Psycho-Babble Medication Thread 579280

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Re: Shafer on Harmon's article linkadge

Posted by ed_uk on November 17, 2005, at 15:13:29

In reply to Re: Shafer on Harmon's article, posted by linkadge on November 17, 2005, at 10:34:51

>Ritalin abuse in university is very common. In my university it is very common.

It's interesting. I never knew a single person at uni who took Ritalin.

Ed

 

Re: NYT ''new trends'' med_empowered

Posted by ed_uk on November 17, 2005, at 15:16:46

In reply to Re: NYT ''new trends'', posted by med_empowered on November 17, 2005, at 6:23:32

Hi Med

I don't like it how the article mentioned your name. It feels like a violation because they didn't ask your permission. You don't have anything to apologise for Med. I didn't like the article personally - far too one-sided.

Kind regards

Ed

 

Re: NYT ''new trends'' ed_uk

Posted by Nickengland on November 17, 2005, at 15:29:32

In reply to Re: NYT ''new trends'' med_empowered, posted by ed_uk on November 17, 2005, at 15:16:46

Thats a relief Ed :-)

You said it well, what took me quite afew more words! lol

Kind regards

Nick

 

Re: Shafer on Harmon's article

Posted by linkadge on November 17, 2005, at 15:39:27

In reply to Re: Shafer on Harmon's article linkadge, posted by ed_uk on November 17, 2005, at 15:13:29

Oh its big alright (at least around here). I new a guy who nearly payed for all his texts and some of his tuition by selling his prescriptions.

Linkadge

 

Re: Article in NYT RE: Self-Prescribing/Medicating hawkeye

Posted by jay on November 17, 2005, at 15:44:54

In reply to Article in NYT RE: Self-Prescribing/Medicating, posted by hawkeye on November 16, 2005, at 9:42:03

See my article below from Scientific American. This is about POLITICS, not SCIENCE. Chances are is you think you are smarter than your psych. doc, you are! Us North Americans are just too uptight about taking a pill. If we where given the knowledge to develop the technology of a pill, we should use it!

Jay

 

Re: Shafer on Harmon's article linkadge

Posted by ed_uk on November 17, 2005, at 16:00:17

In reply to Re: Shafer on Harmon's article, posted by linkadge on November 17, 2005, at 15:39:27

I guess Ritalin is prescribed a lot in Canada? Here, people seem to come off it when they're about 16 - whether they like it or not I suppose!

Ed

 

Re: NYT ''new trends'' Nickengland

Posted by ed_uk on November 17, 2005, at 16:00:48

In reply to Re: NYT ''new trends'' ed_uk, posted by Nickengland on November 17, 2005, at 15:29:32

Thanks Nick :-)

Ed

 

Re: Shafer on Harmon's article

Posted by Meri-Tuuli on November 17, 2005, at 17:01:27

In reply to Re: Shafer on Harmon's article, posted by linkadge on November 17, 2005, at 15:39:27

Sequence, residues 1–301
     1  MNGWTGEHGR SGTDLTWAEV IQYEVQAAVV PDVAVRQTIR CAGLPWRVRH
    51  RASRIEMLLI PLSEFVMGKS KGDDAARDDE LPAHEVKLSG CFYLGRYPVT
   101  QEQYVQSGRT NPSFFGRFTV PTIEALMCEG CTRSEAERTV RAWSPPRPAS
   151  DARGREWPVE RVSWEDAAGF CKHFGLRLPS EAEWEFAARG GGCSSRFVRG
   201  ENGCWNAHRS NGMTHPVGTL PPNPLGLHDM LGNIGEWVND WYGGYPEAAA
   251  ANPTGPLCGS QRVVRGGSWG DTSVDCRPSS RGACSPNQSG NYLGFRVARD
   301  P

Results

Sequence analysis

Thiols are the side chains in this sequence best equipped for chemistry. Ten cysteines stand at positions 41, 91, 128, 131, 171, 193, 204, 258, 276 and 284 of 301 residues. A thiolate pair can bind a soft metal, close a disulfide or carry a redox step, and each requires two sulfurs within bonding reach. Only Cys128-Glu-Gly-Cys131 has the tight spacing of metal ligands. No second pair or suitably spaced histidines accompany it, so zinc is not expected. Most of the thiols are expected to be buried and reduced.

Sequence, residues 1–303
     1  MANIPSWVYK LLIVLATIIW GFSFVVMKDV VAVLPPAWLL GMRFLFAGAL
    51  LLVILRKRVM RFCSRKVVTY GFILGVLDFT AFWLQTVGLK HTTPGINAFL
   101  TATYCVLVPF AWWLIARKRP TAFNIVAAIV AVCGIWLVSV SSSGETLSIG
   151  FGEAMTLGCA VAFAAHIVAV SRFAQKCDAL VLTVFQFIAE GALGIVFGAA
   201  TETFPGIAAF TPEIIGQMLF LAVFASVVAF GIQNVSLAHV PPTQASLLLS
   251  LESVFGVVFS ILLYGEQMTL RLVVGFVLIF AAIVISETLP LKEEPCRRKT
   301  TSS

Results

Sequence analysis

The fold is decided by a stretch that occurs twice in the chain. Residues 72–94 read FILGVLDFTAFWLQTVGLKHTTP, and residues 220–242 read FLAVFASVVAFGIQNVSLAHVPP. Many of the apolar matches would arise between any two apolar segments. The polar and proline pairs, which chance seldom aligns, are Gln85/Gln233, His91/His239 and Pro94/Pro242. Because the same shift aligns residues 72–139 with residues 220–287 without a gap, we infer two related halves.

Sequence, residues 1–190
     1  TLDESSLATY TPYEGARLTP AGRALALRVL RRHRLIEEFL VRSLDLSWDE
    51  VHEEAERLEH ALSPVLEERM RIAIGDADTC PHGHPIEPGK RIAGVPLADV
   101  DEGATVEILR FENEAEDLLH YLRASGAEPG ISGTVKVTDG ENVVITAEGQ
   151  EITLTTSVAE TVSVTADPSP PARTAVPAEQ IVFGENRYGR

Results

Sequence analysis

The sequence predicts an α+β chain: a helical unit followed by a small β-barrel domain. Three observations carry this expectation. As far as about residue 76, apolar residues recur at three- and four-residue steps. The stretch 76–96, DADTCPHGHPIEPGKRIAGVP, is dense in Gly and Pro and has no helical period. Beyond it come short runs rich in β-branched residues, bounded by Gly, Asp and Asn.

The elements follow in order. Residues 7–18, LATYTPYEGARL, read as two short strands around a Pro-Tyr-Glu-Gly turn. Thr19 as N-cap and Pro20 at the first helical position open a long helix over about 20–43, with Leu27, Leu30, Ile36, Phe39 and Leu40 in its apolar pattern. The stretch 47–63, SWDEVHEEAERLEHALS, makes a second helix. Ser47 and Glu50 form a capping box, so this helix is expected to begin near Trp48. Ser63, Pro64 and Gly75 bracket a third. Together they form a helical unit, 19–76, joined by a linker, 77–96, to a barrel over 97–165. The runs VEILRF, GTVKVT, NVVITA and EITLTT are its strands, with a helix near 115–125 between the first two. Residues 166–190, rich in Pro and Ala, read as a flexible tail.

Hey there Link, interesting article huh!?

I don't personally know a single person who has taken ritalin (at uni or otherwise) but then I live in the UK....hahaha, and if I did, I'd get them to give me some....then I too could be one of the people in the trend!!!

Anyway, unfortunately, I'm the only one of my friends to become obsessed by pmeds etc. One of my close friends hates it when I even ask her how she is doing on one of them. They think I am abit weird for it....ah well. Maybe its the British weather or something.


 

Re: Shafer on Harmon's article

Posted by linkadge on November 17, 2005, at 18:57:23

In reply to Re: Shafer on Harmon's article, posted by Meri-Tuuli on November 17, 2005, at 17:01:27

No, ADD/HD is a lifelong illness here in canada :) and so medicating for it goes on and on.

Linkadge

 

One More Thing

Posted by Phillipa on November 17, 2005, at 19:39:49

In reply to Re: Shafer on Harmon's article, posted by linkadge on November 17, 2005, at 18:57:23

Just wanted to say that only the college age and young professionals were included in the article. What about all the older people who post here and on other sites. We just get tired of doctors not listening to us. And it's impossible to abuse meds here anyway. The doctor can only prescribe for a month. The only way to abuse legally is to have a pdoc who prescribes more or higher doses than he means you to take. My old pdoc used to do this. He'd prescribe let's say lmg xanax l20tabs a month. And I was only taking .5pills. So I had extas each month. Down the toilet they went when the med was changed. Fondly, Phillipa

 

Wow It's Now On TV!

Posted by Phillipa on November 17, 2005, at 21:16:06

In reply to One More Thing, posted by Phillipa on November 17, 2005, at 19:39:49